Reproductive system: Goldenseal, although a uterine stimulant, is also anti-hemorrhagic and can be used in a formula to assist in reducing heavy menstrual bleeding. Goldenseal can also be used in a douche for thrush and other vaginal infections.

  • Research

    There is limited available clinical research on the root of Goldenseal, though berberine has been the focus of many studies.

    In animal and human studies, berberine has shown to be hypoglycaemic (1). In one pilot human study, berberine was found to be comparable to metformin for the treatment of diabetes mellitus 2 (2). As berberine has been found to increase insulin sensitivity, it is also useful in the treatment of polycystic ovarian syndrome (PCOS). One study found that administration of berberine improved ovulation rate in patients with PCOS (3).

    Berberine has also been found to improve cardiovascular parameters. Berberine has been found to lower blood pressure, lower blood lipids, and have anti-arrhythmic effects (4,5,6).

    Berberine has been demonstrated to have a wide spectrum cytotoxic activity against human cancer cell lines (7). In addition to this, it has shown chemoprotective activity in vitro and in vivo (8).

    The anti-bacterial properties of berberine have also been extensively studied. It has been shown to be effective against Actinobacillus pleuropneumoniae, Shigella dysenteriae, Streptococcus agalactiae, and Helicobacter pylori. It has also been demonstrated to increase the effectiveness of antibiotics against antibiotic resistant strains of bacteria (5).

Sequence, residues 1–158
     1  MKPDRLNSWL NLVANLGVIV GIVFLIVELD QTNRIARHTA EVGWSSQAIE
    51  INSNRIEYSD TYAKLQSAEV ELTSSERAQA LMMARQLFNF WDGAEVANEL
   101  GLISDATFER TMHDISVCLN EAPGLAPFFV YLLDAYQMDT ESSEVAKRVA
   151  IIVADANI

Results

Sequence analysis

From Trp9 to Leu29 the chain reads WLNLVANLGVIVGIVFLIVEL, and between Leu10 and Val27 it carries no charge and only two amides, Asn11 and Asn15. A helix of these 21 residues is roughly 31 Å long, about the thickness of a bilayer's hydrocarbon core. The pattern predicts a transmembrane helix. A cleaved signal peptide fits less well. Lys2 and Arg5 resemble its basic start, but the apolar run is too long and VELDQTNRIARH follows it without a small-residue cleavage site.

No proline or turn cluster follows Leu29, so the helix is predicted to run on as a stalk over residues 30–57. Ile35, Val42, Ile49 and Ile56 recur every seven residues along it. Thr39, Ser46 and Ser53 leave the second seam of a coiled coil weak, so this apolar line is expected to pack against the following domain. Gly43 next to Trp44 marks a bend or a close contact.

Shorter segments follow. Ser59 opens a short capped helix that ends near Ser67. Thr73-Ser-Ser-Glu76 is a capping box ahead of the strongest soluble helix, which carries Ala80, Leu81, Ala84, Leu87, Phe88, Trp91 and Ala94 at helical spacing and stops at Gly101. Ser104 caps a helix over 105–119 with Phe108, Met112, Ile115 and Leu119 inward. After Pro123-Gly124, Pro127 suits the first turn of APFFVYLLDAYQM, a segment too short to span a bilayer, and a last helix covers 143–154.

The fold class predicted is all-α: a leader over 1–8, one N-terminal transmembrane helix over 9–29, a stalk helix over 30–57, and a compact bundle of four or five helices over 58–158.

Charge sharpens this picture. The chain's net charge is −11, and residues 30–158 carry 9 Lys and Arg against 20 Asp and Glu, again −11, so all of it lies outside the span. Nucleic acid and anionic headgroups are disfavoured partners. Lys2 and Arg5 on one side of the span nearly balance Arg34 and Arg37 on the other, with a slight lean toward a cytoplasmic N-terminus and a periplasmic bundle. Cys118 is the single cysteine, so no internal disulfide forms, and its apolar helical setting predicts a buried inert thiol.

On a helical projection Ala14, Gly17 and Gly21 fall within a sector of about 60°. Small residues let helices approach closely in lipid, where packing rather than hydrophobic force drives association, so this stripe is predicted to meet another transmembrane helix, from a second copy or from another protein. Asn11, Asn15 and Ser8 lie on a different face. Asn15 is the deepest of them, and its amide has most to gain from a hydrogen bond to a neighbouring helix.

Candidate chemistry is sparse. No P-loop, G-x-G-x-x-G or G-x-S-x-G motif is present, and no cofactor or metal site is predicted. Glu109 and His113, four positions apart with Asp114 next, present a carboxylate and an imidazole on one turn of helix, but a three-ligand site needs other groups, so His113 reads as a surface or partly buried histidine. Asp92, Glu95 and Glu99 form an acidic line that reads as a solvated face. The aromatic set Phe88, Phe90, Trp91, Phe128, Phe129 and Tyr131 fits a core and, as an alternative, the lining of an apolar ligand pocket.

Further human trials with both Goldenseal and its constituents are required.

  • Did you know?

    Goldenseal was traditionally used as a dye by the Cherokee in North America.

Additional information

  • Botanical description

    Goldenseal is a small herbaceous perennial herb that grows up to 30cm tall. The thick, knotted rhizome is yellow-is brown on the outside, with bright yellow interior pulp and has numerous roots growing from it. The stem is erect, thick and hairy, and grows from the root in spring. There are two leaves, that are alternate, dark green, and the lower leaf is larger than the upper leaf. There is one solitary flower with no petals but several stamens and pistils. The fruit looks like an enlarged raspberry. It flowers from April to May and fruits in July.